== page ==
Gilead pays $60M to strike up another cancer drug alliance with MacroGenics

Acute myelocytic leukemia, AML

Acute myelocytic leukemia, AML

Gilead Sciences has expanded its cancer therapies portfolio and pipeline by striking deals and its latest one has the pharmaceutical company partnering with MacroGenics on the development of bispecific antibody drugs for cancer.

Gilead is paying $60 million up front to kick off the alliance, which gives the Foster City, California-based drugmaker an option to license MGD024, a drug in development for treating two blood cancers: acute myeloid leukemia (AML) and myelodysplastic syndrome (MDS). The deal terms announced Monday also includes the opportunity for the partners to collaborate on two additional bispecific research programs.

Bispecific antibodies bind to two targets simultaneously. MGD024 is designed with one arm that binds to CD123, a protein overexpressed by blood cancer cells, and another arm that binds to CD3 on the surface of T cells. There are no FDA-approved drugs that target CD123, but several companies are pursuing that target.

CD3 is already targeted by antibody drugs but Rockville, Maryland-based MacroGenics is aiming for a safety edge. Drugs that hit this immune cell target can also activate inflammatory signaling proteins called cytokines. The resulting excessive immune response, called cytokine release syndrome (CRS), is a dose-limiting complication of such therapies.

MacroGenics designed MGD024 to engage CD3 in a way that minimizes cytokine release. In preclinical research presented last year during the annual meeting of the American Society of Hematology, MacroGenics reported that MGD024 showed activity against leukemia as well as reduced release of pro-inflammatory cytokines. A Phase 1 study began over the summer enrolling patients with CD123-positive blood cancers.

According to the terms of the deal with Gilead, MacroGenics will continue the Phase 1 study. This study includes a dose-escalation portion and an expansion part that will evaluate the MacroGenics drug as a monotherapy and in combination with other therapies across multiple indications. Gilead may exercise its option to license the program at predefined decision points that were not disclosed. MacroGenics could receive up to $1.7 billion in target nomination and option fees, plus development, regulatory, and commercial milestones. If Gilead is able to bring the drug to market, it would owe MacroGenics royalties from sales.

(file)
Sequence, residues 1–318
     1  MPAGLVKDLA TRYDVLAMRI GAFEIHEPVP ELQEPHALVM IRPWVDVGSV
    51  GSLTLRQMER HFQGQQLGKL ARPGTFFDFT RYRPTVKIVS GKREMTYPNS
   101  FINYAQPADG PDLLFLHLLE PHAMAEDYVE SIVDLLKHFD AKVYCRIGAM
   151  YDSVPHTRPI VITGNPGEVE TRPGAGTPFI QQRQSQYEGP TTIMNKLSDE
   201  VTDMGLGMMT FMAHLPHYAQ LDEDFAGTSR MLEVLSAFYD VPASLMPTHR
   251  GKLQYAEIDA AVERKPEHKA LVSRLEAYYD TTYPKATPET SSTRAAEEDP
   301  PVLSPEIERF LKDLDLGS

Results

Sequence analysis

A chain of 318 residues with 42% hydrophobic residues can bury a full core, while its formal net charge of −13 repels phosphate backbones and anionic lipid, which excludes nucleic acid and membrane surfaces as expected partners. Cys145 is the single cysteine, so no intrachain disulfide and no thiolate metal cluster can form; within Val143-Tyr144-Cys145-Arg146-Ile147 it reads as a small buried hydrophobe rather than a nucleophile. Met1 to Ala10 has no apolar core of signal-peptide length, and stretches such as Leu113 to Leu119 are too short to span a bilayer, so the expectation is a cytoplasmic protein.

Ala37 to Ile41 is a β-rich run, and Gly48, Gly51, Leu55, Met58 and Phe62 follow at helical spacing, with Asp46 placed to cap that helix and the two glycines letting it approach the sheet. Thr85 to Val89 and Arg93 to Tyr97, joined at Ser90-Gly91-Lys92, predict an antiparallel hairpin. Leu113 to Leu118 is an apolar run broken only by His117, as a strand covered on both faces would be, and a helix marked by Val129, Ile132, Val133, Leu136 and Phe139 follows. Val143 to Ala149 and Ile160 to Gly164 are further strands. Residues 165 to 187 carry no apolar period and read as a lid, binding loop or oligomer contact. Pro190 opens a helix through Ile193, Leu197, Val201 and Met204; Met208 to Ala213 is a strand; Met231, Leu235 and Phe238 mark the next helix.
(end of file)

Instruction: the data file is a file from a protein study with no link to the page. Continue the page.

Another MacroGenics bispecific antibody, flotetuzumab, had previously reached Phase 1 testing in AML. While MacroGenics said the therapy’s activity looked promising and side effects were manageable, the company decided to stop development of that drug in favor of MGD024, which may offer dosing advantages and the ability to be combined with other therapies. MacroGenics has described MGD024 as the next-generation version of flotetuzumab. In addition to the lower risk of CRS, MGD024 has a longer half-life that permits less frequent dosing.

“MacroGenics’ bispecific expertise naturally complements Gilead’s portfolio strengths in immuno-oncology and our growing hematology franchise,” Bill Grossman, Gilead’s senior vice president, oncology clinical development, said in a prepared statement. “We believe MGD024, with its potential to reduce CRS and permit intermittent dosing through a longer half-life, could translate to more patient-friendly dosing and enhanced clinical outcomes for people living with AML and MDS.”

Gilead’s new alliance is its second with MacroGenics. In 2013, the companies struck up a partnership on the development of up to four molecules developed from MacroGenics’s platform technology. The research and development period expired without Gilead licensing any MacroGenics molecules.

The Gilead pipeline already has drug candidates for AML and MDS. Magrolimab, an antibody drug that targets the cancer protein CD47, is in Phase 3 testing for both types of blood cancer. Gilead acquired that drug via its $4.9 billion buyout of Forty Seven in 2020.

Public domain image from the National Cancer Institute